Tuesday, January 13, 2009

Cash or Credit?

A Guest Column by Zaid Hydari

Over a year ago, there was buzz around the city about ‘GPS’ and credit card machines in yellow cabs. Word on the street was that drivers were upset about the new technology, which lead to a series of strikes. Many people didn’t think twice about the issue – they either didn’t take cabs or found one pretty easily on the strike days, comforting themselves with what their scab told them about the new imposition of gadgets – the minority driver view that it’s fine, it may even increase business. The press, as usual, claimed to uphold journalistic integrity by presenting the issue neutrally – a concept that those of us born before yesterday know is unlikely, improbable, and almost never actually achieved. Instead, the press started writing stories about dishonest cabbies who would lie to passengers – saying the credit card machine doesn’t work or that there is a surcharge for using it. Anthony Ramirez of the Times wrote a piece detailing his experience trying to use a card in 92 cabs – of which 10 cabs allegedly made excuses and resisted. None of the press had the courage to tell the whole story – that drivers are getting screwed by the machines.

And then, after a few weeks, everyone pretty much forgot about the whole thing. GPS….credit cards….cabbies…whatever. If you don’t have cash, just swipe – all the hoopla is over.

Well, its not. To this day, drivers have suffered hardship due to the credit card machines. And this week, the City Council may take a very initial step in addressing the problem. Intro 705, which was first introduced in 2008, would allow for drivers to be merchant account holders.

You see, when a business wants to accept credit cards, they have to have a merchant account, which allows for the payment to be processed by the credit card company. A number of fees are involved, including a discount rate which is usually a percentage of each transaction. So a business actually gives up a small percentage of sales when someone uses a credit card– that’s why most bodegas and delis have a minimum – so they don’t have to give up a portion of the $2.80 you spend on Vitamin Water and a bag of the newest ‘Doritos Collisions’ flavor.

Most drivers lease their cabs from garages – and up until now the garage has been the merchant account holder for the credit card processing. So when you swipe in a cab – the garage gets the money – then takes 5% out of it and gives it to the driver. The 5% includes tip and tolls. They say 5% is for all those fees. But the reality is the fees don’t really amount to 5%. And the fees are only a percentage of the fare amount – not the tip and tolls.

Such small margins may seem negligible – but any hard working person knows that it all adds up. To a lot of money. And its not like Obama is about to hike drivers’ taxes because they make over $250,000/year. These are guys who drive 12 hours a day to make little money – the lease system is such that they pay the garage upfront – somewhere around $100 per day, and pay for gas themselves. What other jobs can you think of where you start off the day in the red? Their first few fares of a shift are just to break even.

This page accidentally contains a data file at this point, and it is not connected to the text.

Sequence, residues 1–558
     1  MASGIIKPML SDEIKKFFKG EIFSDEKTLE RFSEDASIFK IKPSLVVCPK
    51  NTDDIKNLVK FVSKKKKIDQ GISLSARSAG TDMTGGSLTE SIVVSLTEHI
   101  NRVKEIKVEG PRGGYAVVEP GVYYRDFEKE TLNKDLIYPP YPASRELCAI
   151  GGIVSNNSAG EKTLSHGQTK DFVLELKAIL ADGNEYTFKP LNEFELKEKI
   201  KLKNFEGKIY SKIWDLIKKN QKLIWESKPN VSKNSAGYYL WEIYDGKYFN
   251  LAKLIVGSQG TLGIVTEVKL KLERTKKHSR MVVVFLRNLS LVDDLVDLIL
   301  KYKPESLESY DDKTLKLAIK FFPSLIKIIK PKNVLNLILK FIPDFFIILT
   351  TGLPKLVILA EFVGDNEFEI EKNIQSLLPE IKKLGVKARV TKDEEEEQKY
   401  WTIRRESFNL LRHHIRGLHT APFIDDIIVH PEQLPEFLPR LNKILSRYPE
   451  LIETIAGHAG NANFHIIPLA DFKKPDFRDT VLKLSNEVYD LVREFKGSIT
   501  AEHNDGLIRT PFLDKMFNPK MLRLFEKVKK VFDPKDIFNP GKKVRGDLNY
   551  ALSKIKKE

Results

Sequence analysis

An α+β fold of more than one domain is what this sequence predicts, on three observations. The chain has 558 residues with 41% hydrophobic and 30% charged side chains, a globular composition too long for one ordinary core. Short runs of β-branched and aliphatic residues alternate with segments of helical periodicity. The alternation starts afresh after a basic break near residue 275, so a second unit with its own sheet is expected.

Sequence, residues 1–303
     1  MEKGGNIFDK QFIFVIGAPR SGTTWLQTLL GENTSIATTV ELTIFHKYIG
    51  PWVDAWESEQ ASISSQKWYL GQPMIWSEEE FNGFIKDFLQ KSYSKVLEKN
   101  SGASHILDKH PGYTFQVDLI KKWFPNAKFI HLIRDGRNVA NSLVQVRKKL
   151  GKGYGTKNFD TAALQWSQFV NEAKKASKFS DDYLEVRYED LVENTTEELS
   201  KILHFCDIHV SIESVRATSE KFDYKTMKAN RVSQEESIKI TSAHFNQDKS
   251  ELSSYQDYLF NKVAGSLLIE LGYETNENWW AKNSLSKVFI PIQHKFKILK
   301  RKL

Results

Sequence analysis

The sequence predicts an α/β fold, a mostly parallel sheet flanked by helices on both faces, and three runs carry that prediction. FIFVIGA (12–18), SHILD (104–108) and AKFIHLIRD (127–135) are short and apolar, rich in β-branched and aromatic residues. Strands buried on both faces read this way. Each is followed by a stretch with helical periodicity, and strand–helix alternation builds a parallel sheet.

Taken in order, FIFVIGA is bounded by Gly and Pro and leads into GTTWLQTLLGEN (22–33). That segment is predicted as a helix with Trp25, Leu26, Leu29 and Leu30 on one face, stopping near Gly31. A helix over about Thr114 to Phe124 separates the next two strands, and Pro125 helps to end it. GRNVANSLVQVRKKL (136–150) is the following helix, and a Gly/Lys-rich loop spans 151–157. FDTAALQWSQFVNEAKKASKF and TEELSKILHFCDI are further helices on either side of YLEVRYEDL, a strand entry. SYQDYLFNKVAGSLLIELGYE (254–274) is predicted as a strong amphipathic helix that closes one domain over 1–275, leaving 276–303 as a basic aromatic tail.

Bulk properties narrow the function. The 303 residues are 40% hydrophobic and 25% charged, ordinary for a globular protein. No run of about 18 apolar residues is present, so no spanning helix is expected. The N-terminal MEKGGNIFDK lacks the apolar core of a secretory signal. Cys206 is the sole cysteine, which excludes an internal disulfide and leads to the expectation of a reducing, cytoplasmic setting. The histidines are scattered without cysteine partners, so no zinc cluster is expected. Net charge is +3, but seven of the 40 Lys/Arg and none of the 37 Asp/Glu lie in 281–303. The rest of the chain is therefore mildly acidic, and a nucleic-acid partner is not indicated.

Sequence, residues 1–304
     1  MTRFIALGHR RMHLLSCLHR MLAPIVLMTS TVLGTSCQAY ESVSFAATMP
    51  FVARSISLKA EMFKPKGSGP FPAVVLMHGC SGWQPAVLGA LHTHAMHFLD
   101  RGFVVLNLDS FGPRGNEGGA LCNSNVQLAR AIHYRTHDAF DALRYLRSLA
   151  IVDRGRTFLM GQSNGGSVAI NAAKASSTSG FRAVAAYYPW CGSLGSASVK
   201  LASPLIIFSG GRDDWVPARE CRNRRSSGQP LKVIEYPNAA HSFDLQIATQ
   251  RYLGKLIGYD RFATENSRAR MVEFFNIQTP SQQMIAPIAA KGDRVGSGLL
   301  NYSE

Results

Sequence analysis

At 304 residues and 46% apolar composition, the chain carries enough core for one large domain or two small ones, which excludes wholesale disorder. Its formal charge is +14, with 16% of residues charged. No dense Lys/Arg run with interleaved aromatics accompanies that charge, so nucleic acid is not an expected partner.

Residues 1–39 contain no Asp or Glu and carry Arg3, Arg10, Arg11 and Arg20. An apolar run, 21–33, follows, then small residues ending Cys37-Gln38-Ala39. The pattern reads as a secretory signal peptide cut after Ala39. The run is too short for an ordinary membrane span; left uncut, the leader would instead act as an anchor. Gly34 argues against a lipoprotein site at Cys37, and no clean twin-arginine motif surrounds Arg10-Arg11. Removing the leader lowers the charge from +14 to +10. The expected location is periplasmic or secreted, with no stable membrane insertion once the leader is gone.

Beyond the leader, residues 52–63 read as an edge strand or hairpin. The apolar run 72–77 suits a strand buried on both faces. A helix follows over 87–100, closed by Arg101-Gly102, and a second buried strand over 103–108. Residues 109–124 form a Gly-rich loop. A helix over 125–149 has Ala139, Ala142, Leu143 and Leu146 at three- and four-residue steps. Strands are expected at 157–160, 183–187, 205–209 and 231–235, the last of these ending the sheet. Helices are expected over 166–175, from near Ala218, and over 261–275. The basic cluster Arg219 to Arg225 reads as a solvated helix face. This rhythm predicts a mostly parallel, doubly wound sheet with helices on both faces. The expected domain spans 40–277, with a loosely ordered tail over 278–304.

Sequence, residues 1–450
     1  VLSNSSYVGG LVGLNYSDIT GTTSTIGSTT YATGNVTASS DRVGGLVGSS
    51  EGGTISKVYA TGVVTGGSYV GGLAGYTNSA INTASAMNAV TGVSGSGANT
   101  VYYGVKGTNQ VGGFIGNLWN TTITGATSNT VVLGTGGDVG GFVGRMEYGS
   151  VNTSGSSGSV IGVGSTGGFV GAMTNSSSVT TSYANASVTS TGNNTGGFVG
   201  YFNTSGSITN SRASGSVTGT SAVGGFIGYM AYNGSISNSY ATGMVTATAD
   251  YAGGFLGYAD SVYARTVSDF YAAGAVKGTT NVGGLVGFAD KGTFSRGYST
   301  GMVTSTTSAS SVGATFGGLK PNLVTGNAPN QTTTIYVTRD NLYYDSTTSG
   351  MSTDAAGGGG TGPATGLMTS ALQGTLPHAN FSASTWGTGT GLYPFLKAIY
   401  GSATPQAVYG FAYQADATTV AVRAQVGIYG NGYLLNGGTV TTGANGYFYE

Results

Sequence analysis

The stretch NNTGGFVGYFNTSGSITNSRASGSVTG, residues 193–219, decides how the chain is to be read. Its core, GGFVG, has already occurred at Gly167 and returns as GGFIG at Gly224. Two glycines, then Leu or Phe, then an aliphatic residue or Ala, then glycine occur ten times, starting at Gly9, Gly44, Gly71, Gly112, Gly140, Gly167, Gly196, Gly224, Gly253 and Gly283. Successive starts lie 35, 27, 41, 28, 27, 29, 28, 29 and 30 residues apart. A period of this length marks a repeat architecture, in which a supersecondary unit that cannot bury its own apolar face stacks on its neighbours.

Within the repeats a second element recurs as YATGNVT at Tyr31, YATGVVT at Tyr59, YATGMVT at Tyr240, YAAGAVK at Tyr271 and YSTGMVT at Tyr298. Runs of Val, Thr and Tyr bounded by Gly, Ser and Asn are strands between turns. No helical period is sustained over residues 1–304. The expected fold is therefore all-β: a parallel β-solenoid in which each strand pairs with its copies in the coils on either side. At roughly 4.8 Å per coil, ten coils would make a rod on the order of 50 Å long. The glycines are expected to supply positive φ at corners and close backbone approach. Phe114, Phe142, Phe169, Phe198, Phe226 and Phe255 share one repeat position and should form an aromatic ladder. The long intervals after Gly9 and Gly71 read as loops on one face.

Intro 705 won’t overhaul the whole industry and make the unjust system fair for drivers. They’ll still be disrespected public servants – not provided the benefits of city employees, like bus drivers and MTA workers. They will continue to be without health insurance. It will still NOT be a felony to assault a cab driver, resulting in continuous violent actions taken against these vulnerable workers. But Intro 705 is a baby step in the right direction.

The Transportation Committee will be having a public hearing on Intro 705 on Wednesday, January 14th at 12:30. Its on the 2nd Floor of City Hall. If you can – swing by and show the City Council that you support this initiative. Or call your Council Member. http://council.nyc.gov/html/members/members.shtml

Support Intro 705 however you can – because it’s the first step being taken to give drivers what is rightfully theirs.

1 comment:

Tom said...

It seems like the problem is with the unfair relationship between the garages and the cab drivers, not the machines themselves. Also, with regard to the fees for credit card use, there are a lot of costs associated with handling cash including where to store it, how to safely deposit it, taking time to count it, and of course the risk of being robbed. Credit cards help reduce those costs, which might make the percentage taken by the bank worth it. That doesn't make it right for the garages to charge the drivers a higher percentage than what is charged by the bank, but that seems to be a separate issue.